If you were one of the thousands of panicked politics dorks watching C-SPAN 2 last night, you witnessed something remarkable: Sen. Mitch McConnell, along with 48 other Republican senators, voting to temporarily but formally silence Sen. Elizabeth Warren.
It was a spectacularly theatrical and of course, devastatingly sad moment in our recent traumatic political history. McConnell invoked an arcane senate rule to silence Warren, at the precise time she was reading a letter from civil rights hero Coretta Scott King. And it wasn’t just the actions of one senator either 48 senators, 44 of whom are male, joined along with him.
While the event sparked multiple hashtags and a swell of anger online, the moment particularly resonated for the millions of women who watched Warren then read aloud that same letter outside the senate doors shortly after. Warren broadcasted her full speech on Facebook Live, using the platform to take back her voice.
For the women watching online, far away from the senate floor, it hit home. They knew this feeling.
The feeling, that of a coalition of powerful men silencing a strong woman who played by the rules of her job, stuck. On social media, women came forward who identified with the overarching emotional narrative. They had never attended a senate hearing, but knew exactly what it was like to be told to leave it.
Silencing Elizabeth Warren for breaking an arcane senate rule was simply a more genteel way of telling a woman to sit down and shut up.
shauna (@goldengateblond) February 8, 2017
Oliver Willis (@owillis) February 8, 2017
Women have been told to shut up and sit down long enough, it infuriates me that McConnell did this to Senator Warren #LetLizSpeak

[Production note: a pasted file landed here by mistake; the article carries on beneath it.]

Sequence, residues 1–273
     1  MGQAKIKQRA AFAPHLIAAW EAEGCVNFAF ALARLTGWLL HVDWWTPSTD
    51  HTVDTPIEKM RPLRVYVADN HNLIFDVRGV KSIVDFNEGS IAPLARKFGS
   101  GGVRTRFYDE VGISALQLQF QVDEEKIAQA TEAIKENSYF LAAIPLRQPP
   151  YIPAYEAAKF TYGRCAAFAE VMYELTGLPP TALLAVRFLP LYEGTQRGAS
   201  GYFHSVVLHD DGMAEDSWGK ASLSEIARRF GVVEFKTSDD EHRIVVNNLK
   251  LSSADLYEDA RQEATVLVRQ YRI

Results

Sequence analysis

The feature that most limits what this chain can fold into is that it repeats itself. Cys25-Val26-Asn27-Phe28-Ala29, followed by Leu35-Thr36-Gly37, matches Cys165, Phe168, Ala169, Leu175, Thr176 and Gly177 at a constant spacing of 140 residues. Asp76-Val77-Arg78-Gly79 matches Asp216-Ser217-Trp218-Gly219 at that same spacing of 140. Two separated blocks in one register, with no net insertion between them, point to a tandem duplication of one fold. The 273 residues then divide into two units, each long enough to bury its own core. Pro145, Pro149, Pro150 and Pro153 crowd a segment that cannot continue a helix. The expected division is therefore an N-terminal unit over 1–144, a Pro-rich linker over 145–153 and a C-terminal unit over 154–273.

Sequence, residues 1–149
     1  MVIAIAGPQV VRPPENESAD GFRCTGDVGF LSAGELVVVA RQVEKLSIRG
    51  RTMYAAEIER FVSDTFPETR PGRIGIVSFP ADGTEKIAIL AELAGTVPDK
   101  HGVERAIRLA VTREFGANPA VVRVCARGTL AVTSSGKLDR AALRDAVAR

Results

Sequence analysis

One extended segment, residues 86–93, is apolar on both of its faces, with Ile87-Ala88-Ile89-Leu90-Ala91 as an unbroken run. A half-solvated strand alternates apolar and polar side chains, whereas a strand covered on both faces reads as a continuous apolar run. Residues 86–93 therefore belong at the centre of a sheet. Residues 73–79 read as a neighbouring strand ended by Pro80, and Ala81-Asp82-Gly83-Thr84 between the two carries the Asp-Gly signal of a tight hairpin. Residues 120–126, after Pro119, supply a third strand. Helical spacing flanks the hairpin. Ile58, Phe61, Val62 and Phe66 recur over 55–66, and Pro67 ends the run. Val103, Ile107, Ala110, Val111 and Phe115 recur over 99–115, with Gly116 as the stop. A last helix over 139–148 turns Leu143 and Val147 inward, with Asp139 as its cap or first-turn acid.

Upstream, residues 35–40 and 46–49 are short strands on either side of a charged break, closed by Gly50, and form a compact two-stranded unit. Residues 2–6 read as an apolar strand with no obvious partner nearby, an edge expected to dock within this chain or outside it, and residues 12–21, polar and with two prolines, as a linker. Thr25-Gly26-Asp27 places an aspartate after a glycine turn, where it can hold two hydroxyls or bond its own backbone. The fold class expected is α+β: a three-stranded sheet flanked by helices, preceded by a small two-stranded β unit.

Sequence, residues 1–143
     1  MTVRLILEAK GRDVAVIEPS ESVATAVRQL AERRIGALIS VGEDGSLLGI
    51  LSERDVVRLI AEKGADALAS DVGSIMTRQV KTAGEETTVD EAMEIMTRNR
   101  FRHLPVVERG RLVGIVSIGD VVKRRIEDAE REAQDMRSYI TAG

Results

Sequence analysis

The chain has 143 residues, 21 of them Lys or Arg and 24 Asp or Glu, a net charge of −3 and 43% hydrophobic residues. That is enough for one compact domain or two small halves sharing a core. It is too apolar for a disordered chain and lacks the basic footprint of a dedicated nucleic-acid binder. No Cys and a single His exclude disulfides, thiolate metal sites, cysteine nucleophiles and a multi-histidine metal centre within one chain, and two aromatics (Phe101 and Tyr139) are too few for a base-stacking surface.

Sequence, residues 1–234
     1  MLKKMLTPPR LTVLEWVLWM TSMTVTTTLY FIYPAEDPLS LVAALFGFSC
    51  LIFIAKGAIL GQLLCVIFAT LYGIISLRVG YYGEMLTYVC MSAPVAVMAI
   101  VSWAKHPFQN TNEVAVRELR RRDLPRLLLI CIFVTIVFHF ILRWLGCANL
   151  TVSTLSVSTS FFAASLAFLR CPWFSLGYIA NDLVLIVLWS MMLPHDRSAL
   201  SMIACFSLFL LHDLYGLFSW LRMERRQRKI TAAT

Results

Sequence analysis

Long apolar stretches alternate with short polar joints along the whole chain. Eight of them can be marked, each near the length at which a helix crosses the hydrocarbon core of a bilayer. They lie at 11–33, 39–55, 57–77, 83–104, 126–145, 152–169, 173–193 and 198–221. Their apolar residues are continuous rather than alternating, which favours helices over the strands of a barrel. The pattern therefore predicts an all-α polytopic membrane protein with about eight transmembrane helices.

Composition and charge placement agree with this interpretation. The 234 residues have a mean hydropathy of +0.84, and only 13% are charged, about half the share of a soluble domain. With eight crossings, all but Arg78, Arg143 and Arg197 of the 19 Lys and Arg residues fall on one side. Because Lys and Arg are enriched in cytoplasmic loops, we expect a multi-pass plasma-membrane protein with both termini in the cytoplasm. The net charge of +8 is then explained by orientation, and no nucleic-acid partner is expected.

Linda Taibi (@Bellalindafox) February 8, 2017
CORINNE FISHER (@PhilanthropyGal) February 8, 2017
Warren could have easily left the floor and gone home, leaving Twitter and her kindly male senators on the floor (including Senator Sherrod Brown, who read King’s full speech without reproach) to clean up the mess. Instead, she did what women in these situations are so used to doing: She found another way and went straight to Twitter and Facebook Live.
In just under 12 hours, Warren had more than 6.5 million people listening to King’s letter.
When the traditional platform of the senate floor didn’t want to hear it, and a traditional media source didn’t have enough cameras to broadcast it, she just went somewhere else.
What’s shocking is that this isn’t even the senator’s most-watched video. On Facebook, a video of her grilling Betsy DeVos has more than 7.4 million views, which increases by the minute. The time she went to Logan International Airport in Massachusetts to speak out against the Muslim ban? That has 13.6 million.
For the millions of people who watched it, however, it doesn’t even matter.
Voice of Reason (@raggapegs) February 8, 2017
Last night could have been become yet another occasion for grieving in this endless, crushing political trauma cycle. Here was Sen. Warren, reading the words of a legendary civil rights hero and woman of color, protesting into the night against the appointment of a man who’s known for silencing them and who will soon be in charge of guarding them, only to have her voice taken away, too.
Instead, the senator did what so many of the women who watched her speech are used to doing closed the door, unfolded her pages, turned on her phone and found another way to be heard.